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Citizenship and Education in Liberal-Democratic SocietiesTeaching for Cosmopolitan Values and Collective Identities$
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Kevin McDonough and Walter Feinberg

Print publication date: 2003

Print ISBN-13: 9780199253661

Published to Oxford Scholarship Online: January 2005

DOI: 10.1093/0199253668.001.0001

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CITIZENSHIP AS IDENTITY, CITIZENSHIP AS SHARED FATE, AND THE FUNCTIONS OF MULTICULTURAL EDUCATION

CITIZENSHIP AS IDENTITY, CITIZENSHIP AS SHARED FATE, AND THE FUNCTIONS OF MULTICULTURAL EDUCATION

Chapter:
(p.208) CHAPTER 8 CITIZENSHIP AS IDENTITY, CITIZENSHIP AS SHARED FATE, AND THE FUNCTIONS OF MULTICULTURAL EDUCATION
Source:
Citizenship and Education in Liberal-Democratic Societies
Author(s):

Melissa S. Williams

Publisher:
Oxford University Press
DOI:10.1093/0199253668.003.0009

This is the second of the four essays in Part II of the book on liberalism and traditionalist education; all four are by authors who would like to find ways for the liberal state to honour the self-definitions of traditional cultures and to find ways of avoiding a confrontation with differences. Melissa Williams examines citizenship as identity in relation to the project of nation-building, the shifting boundaries of citizenship in relation to globalization, citizenship as shared fate, and the role of multicultural education within the view of citizenship-as-shared-fate. She argues the other side of the same coin to that presented by Shelley Burtt in the previous chapter: according to Williams, the liberal state often demands too much in the way of loyalty from traditional groups, and when it does, it runs a strong risk of becoming oppressive and illiberal. Moreover, she holds that there is no need for a single shared identity among citizens of the liberal state. Her conception of people tied together by a shared fate is to this extent compatible with Burtt’s attempt to make liberalism’s commitment to autonomy more hospitable to groups of individuals encumbered by unchosen attachments, but her notion of citizenship as shared fate also goes further than that, and possibly stands in some tension with, Burtt’s view, since it allows and even encourages people to develop primary affiliation to all kind of groups – traditional as well as global.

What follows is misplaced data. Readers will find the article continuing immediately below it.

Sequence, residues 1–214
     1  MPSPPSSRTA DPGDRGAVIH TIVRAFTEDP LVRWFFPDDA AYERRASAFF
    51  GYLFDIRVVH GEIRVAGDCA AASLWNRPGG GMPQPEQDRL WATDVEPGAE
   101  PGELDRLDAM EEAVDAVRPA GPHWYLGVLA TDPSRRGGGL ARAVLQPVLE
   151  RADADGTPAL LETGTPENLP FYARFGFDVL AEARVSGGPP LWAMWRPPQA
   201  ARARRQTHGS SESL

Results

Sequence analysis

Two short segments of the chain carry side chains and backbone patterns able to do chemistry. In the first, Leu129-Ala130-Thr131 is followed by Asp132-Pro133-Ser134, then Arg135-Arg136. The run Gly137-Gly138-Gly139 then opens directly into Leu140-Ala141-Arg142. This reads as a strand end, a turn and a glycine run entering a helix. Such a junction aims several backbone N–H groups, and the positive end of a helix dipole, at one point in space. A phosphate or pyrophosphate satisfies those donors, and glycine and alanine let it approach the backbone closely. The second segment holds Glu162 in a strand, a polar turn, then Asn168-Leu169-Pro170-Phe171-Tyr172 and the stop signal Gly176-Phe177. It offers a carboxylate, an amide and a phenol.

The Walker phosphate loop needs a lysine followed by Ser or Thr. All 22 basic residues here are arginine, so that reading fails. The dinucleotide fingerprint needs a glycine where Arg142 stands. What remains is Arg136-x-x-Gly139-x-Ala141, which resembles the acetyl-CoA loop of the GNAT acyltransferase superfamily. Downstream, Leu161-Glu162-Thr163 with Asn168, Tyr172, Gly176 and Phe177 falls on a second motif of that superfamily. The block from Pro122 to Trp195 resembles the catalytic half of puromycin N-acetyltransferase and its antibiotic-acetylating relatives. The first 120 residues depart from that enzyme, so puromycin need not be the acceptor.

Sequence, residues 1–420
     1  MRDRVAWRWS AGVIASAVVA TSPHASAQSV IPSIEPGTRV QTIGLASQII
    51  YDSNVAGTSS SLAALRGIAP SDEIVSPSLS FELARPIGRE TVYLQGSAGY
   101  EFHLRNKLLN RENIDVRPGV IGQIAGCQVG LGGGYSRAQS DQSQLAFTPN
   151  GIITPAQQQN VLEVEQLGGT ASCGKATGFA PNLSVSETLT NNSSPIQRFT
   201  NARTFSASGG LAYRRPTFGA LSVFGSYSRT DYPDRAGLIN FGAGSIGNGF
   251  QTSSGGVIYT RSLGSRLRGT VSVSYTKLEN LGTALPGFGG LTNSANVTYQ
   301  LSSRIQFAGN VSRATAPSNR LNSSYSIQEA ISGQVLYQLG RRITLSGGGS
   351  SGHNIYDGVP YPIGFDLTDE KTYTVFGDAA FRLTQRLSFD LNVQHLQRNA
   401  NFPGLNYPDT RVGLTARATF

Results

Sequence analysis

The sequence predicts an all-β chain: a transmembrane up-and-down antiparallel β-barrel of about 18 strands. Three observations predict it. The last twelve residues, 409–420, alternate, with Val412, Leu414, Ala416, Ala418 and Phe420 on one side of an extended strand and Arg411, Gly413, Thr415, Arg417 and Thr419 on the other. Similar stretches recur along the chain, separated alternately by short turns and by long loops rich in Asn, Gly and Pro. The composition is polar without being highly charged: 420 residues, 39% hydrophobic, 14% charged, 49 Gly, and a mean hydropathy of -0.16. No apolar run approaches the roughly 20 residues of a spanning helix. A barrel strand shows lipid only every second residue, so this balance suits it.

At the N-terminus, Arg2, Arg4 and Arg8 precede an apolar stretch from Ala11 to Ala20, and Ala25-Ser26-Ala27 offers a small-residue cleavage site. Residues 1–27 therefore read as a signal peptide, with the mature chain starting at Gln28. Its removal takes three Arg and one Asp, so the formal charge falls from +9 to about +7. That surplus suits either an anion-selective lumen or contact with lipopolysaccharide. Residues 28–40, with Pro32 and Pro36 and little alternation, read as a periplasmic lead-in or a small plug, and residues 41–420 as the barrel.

Keywords:   citizenship, citizenship as shared fate, global groups, globalization, liberalism, multicultural education, nation-building, shared identity, traditional groups, traditionalist education

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